But Black folks know their true motivations… A Black President represents the beginning of the end of White domination. No doubt its not totally eradicated, far from it. But BO is empowering peoples minds. The impossible is possible. How many times have we said when “Hell freezes over” or “When there’s a Black president”. Well hell is freezing my Brother’s and Sisters and the Devils don’t like it.

  23. Rick

    “I guess that you may be saying that to your surprise- traits that are commonly viewed as being female were excepted and not seen as a liability. The real test would be to see if a man with the same traits would be accepted.”

    No, what I said was that if a woman candidate in the future wants to demonstrate a more nuturing side, she’s more ‘liberated’ to do so in light of Hillary’s failed campaign. I never said I was surprised.

  24. Rick

    “The real test would be to see if a man with the same traits would be accepted.

    One step at a time.” — Jessica

    This misunderstanding I’ve had with you and Angie on this topic is because I mis-used buzzwords words like “feminine”, while seemingly making broad comparisons between male, females. My central argument has nothing to do with a person’s gender per se. “Nuturing” isn’t the right word either.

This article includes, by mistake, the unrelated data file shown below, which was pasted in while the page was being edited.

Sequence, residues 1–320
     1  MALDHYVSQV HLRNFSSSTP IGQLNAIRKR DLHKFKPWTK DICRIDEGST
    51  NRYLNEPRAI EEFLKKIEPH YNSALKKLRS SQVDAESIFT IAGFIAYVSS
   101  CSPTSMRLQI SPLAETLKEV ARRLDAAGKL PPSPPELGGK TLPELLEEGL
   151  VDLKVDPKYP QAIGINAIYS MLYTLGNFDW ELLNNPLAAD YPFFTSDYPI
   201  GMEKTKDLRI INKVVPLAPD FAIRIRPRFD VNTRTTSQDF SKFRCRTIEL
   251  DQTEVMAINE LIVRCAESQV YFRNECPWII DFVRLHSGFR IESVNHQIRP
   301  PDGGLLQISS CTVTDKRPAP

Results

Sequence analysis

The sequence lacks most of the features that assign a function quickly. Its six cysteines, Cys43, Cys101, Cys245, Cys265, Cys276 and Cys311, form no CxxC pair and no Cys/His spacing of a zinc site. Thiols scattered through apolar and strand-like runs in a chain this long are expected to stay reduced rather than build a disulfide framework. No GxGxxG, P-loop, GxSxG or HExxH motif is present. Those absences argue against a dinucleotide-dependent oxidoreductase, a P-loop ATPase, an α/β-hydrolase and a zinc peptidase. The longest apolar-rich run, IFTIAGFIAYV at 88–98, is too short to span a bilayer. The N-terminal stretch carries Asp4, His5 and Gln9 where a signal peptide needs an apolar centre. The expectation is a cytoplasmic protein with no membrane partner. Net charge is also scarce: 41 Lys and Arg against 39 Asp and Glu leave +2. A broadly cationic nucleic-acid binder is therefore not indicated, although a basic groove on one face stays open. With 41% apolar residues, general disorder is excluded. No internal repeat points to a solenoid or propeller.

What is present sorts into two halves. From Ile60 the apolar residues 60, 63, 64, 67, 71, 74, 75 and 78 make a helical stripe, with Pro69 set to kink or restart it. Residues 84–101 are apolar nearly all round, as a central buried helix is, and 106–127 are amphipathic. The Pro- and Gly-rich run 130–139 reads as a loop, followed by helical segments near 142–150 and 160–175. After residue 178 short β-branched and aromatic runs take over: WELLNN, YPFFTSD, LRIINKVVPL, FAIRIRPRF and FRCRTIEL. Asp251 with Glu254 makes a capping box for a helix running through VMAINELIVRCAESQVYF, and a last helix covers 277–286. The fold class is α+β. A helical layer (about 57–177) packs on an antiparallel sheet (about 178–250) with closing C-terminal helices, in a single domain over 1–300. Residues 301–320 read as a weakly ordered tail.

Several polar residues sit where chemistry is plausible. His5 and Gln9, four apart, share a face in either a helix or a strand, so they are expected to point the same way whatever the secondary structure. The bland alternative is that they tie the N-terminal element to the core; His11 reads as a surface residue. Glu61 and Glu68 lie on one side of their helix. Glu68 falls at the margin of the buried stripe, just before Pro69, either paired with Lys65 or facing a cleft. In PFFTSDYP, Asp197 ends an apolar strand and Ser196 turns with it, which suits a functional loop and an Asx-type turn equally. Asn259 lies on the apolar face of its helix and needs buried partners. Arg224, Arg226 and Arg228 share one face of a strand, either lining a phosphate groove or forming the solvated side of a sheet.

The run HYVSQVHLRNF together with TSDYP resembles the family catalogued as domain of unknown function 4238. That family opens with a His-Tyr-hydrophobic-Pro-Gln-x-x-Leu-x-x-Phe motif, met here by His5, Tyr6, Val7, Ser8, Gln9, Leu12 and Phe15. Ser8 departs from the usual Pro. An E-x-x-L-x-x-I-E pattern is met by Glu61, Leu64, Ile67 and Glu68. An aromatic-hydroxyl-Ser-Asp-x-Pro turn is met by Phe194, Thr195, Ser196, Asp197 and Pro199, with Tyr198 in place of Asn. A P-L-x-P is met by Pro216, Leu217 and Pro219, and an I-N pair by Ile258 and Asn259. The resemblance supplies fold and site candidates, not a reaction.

“Robotic” vs “Non-robotic” although still not perfect, come closer to what I’m trying to say.

    I don’t see the ‘robotic’ Hillary Clinton who ran ‘most’ of the 2007/2008 campaign ever winning the presidency. This is not specific to women.

    I don’t think the ‘robotic’ Al Gore of 2000 — smart, intelligent, but also mechanical as he was then — ever resonating either. (Now I hear you saying he was cheated, and I agree, but it should have been a landslide). And it would have been had the Al Gore who gave the touching concession speech — the ‘man’ who opened up a little that evening — been the same person to show up through out the 2000 campaign. For one evening he stopped being the walking collection of statistics, facts and figures, and actually spoke to the American people. The speech was described in the press as being “one of the most exemplary speeches for years to come.”